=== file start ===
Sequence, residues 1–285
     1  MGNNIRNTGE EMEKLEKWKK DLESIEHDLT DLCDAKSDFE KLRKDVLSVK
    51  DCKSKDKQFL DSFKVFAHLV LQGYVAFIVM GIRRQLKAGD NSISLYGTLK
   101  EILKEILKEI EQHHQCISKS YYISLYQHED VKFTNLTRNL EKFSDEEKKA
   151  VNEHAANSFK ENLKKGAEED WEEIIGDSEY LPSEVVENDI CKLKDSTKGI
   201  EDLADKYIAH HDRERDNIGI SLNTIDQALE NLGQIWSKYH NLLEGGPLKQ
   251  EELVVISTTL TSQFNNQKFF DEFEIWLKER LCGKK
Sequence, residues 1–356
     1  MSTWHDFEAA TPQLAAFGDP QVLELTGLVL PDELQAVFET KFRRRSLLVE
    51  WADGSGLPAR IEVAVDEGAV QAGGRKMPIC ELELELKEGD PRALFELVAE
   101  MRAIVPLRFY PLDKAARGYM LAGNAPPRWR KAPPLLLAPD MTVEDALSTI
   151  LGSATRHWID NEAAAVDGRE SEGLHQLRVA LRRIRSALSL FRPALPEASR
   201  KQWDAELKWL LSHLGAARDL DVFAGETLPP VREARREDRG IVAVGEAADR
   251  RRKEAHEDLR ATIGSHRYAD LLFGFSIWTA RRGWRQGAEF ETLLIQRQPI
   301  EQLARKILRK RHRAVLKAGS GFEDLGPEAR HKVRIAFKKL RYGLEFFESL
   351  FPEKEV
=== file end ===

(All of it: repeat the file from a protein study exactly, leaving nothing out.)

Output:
Sequence, residues 1–285
     1  MGNNIRNTGE EMEKLEKWKK DLESIEHDLT DLCDAKSDFE KLRKDVLSVK
    51  DCKSKDKQFL DSFKVFAHLV LQGYVAFIVM GIRRQLKAGD NSISLYGTLK
   101  EILKEILKEI EQHHQCISKS YYISLYQHED VKFTNLTRNL EKFSDEEKKA
   151  VNEHAANSFK ENLKKGAEED WEEIIGDSEY LPSEVVENDI CKLKDSTKGI
   201  EDLADKYIAH HDRERDNIGI SLNTIDQALE NLGQIWSKYH NLLEGGPLKQ
   251  EELVVISTTL TSQFNNQKFF DEFEIWLKER LCGKK
Sequence, residues 1–356
     1  MSTWHDFEAA TPQLAAFGDP QVLELTGLVL PDELQAVFET KFRRRSLLVE
    51  WADGSGLPAR IEVAVDEGAV QAGGRKMPIC ELELELKEGD PRALFELVAE
   101  MRAIVPLRFY PLDKAARGYM LAGNAPPRWR KAPPLLLAPD MTVEDALSTI
   151  LGSATRHWID NEAAAVDGRE SEGLHQLRVA LRRIRSALSL FRPALPEASR
   201  KQWDAELKWL LSHLGAARDL DVFAGETLPP VREARREDRG IVAVGEAADR
   251  RRKEAHEDLR ATIGSHRYAD LLFGFSIWTA RRGWRQGAEF ETLLIQRQPI
   301  EQLARKILRK RHRAVLKAGS GFEDLGPEAR HKVRIAFKKL RYGLEFFESL
   351  FPEKEV